“The Future of Economic Freedom” (A corporate call to principled action)
[Editor note: In a sea of political capitalism and rent-seeking by corporations, it is refreshing to see a principled defense of capitalism from the business sector. This piece from the current issue of Discovery, the quarterly publication of Koch Industries, Inc., is reprinted here in honor of today's important elections.]
On Nov. 2, the United States will hold an important mid-term election.
At stake will be control of the U.S. Congress, 39 state governorships and thousands of other state and local offices.
High unemployment, record deficits, a sluggish economy and a swelling federal government have become flash point issues for millions of concerned Americans of every political persuasion.
For the nearly 50,000 Koch company employees in the United States, this election is an opportunity to help decide the future of economic freedom.
A Heavy Hitter
According to the International Monetary Fund, the United States accounts for about one-fourth of the world’s total output of goods and services, and one-fifth of the world’s purchasing power.
Like it or not, what’s bad for the United States – including misguided federal policies that undermine economic freedom – is usually bad for the rest of the world.
What has proven to be best for all societies is economic freedom.
Citizens on every continent enjoy more prosperity, cleaner environments, longer lives and higher literacy rates in economically free societies.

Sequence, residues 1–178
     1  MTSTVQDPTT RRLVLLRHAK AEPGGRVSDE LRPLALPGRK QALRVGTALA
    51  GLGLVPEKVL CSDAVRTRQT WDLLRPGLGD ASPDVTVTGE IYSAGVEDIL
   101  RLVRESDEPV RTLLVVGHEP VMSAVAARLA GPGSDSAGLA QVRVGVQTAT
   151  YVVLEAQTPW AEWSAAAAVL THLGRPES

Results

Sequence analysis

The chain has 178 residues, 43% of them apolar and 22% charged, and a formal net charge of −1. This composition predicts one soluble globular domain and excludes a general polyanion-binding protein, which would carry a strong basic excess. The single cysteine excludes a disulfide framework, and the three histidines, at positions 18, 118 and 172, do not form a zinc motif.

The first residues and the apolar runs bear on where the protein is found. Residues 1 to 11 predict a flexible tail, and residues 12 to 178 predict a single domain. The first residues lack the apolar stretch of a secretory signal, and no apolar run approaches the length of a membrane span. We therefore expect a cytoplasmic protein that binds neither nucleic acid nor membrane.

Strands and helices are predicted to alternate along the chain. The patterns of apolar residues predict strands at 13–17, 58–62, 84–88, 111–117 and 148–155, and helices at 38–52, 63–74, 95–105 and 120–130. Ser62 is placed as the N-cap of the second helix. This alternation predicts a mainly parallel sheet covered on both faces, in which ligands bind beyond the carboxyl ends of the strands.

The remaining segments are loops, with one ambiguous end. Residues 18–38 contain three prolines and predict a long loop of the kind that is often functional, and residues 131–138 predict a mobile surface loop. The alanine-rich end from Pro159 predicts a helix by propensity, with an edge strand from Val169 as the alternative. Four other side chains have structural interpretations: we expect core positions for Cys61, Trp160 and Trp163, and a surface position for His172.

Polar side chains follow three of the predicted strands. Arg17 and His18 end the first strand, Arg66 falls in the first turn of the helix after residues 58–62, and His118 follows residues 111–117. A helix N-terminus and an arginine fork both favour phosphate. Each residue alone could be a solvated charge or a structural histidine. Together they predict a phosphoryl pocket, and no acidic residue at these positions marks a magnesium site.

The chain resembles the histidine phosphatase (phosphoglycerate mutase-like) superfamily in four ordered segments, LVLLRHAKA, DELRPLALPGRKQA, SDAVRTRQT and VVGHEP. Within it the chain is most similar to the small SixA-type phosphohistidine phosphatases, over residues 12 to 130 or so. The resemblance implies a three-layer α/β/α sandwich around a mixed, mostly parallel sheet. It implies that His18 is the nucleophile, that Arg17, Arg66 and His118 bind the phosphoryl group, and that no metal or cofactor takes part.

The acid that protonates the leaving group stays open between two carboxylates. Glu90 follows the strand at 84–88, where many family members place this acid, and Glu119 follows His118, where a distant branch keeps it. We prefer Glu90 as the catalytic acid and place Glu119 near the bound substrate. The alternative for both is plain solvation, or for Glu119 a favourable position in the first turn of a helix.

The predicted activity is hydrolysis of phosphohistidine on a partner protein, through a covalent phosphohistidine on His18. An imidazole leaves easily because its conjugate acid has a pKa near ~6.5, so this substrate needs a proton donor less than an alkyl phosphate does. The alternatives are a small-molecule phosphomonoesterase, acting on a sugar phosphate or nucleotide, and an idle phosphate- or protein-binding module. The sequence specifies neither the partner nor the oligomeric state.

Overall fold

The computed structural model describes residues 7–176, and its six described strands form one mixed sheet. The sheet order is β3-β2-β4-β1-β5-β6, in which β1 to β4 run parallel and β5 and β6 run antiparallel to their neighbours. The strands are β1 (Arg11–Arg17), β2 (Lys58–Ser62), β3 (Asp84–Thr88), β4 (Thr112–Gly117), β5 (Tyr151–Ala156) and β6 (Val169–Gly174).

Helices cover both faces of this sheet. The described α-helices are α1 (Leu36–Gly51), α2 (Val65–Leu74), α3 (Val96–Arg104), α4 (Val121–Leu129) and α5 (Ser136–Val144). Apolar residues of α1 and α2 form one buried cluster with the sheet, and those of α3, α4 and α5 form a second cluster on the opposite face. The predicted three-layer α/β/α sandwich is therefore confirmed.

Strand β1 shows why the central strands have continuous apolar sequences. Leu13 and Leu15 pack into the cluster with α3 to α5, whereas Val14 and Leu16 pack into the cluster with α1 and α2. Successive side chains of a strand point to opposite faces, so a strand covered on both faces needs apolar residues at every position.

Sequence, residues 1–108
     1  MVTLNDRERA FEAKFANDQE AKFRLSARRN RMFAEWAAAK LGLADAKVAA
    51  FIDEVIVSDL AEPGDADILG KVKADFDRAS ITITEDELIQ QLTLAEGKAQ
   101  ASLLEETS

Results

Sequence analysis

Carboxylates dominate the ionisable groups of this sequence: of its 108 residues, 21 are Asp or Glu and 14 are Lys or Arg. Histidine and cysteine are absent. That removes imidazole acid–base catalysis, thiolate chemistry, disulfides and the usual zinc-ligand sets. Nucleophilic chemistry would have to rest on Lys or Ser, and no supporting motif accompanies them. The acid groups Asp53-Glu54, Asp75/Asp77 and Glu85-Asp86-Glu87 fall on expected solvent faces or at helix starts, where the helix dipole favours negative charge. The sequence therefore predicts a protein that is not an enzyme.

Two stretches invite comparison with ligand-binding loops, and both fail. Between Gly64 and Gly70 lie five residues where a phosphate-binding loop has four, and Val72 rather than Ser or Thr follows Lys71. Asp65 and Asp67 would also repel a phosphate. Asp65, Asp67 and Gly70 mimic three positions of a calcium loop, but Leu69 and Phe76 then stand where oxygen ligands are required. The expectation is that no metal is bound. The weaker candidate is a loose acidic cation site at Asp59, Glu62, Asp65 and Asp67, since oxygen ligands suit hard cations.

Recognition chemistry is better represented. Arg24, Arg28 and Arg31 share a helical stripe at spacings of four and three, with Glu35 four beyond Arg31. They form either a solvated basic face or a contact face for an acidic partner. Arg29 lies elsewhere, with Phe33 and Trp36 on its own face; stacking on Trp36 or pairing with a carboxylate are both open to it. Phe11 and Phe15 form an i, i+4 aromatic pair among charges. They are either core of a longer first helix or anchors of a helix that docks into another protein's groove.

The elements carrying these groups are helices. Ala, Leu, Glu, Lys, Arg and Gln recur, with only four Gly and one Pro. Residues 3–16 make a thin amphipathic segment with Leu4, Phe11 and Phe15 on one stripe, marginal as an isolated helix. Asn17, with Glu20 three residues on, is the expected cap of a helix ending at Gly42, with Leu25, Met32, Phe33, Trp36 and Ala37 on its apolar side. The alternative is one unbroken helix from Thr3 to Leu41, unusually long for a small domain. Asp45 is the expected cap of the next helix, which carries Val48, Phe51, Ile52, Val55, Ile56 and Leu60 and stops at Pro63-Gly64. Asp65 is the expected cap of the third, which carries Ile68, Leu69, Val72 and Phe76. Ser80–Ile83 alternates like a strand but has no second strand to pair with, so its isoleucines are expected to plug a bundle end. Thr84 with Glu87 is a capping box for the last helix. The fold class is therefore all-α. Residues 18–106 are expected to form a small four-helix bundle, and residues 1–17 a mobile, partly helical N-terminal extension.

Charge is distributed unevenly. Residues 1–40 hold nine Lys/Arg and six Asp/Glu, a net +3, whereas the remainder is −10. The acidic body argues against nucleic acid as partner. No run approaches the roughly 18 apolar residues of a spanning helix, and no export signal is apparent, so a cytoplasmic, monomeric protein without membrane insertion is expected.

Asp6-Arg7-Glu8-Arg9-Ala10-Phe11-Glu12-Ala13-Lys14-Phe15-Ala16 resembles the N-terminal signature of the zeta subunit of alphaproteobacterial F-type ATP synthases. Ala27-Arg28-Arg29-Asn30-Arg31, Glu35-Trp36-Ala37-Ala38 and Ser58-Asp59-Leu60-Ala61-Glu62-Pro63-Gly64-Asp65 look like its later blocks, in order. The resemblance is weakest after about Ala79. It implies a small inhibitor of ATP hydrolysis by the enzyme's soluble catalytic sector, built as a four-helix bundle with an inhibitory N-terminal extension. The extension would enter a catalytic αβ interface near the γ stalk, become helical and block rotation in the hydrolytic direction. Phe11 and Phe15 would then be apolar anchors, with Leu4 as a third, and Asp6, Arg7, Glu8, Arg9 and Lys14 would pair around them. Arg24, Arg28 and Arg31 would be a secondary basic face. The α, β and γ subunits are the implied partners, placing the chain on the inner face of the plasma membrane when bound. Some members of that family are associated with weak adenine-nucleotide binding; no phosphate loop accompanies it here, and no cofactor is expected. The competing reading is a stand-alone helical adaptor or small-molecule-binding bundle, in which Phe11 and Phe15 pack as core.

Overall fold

That’s why, for more than 40 years, Koch Industries has openly and consistently supported the principles of economic freedom and market-based policies.
Unfortunately, these values and principled point of view are now being strongly opposed by many politicians (and their media allies) who favor ever-increasing government.
Government – like fire, water, chemicals and most everything – is productive at some level and destructive at others.
In the United States, government has now grown to such a level that it is choking American entrepreneurship and hurting the nation’s international competitiveness.
Even worse, recent government actions are threatening to bankrupt the country.
This can only stifle economic growth and job creation, which in turn will significantly reduce the standard of living of American families.
To preserve the nation’s economic viability and individual freedoms, this explosive growth must be reversed.
There are, of course, plenty of politicians and critics who feel otherwise.
Many of them have been quite vocal in their attacks on Koch Industries and its owners, as well as other Koch companies and their employees.
However, as New York Senator Daniel Patrick Moynihan famously said, one is entitled to one’s own opinions, but not to one’s own facts.
And the facts are that the overwhelming majority of the American people will be much worse off if government overspending is allowed to bankrupt the country.
When Thomas Jefferson was inaugurated President of the United States in 1801, he warned about a particularly destructive way of thinking.
It is wrong, he said, to punish someone for working harder or being more successful than someone else.
He warned against “wasting the labors of the people under the pretense of taking care of them” and taking from some to give to others “who have not exercised equal industry and skill.”
More than 200 years later, the destruction of economic freedom that Jefferson warned against is being vigorously promoted by this administration and many elected officials.
In the United States, the best antidote to this kind of over-reaching government is the power of the ballot box.
That was true in 1801, and is just as true today.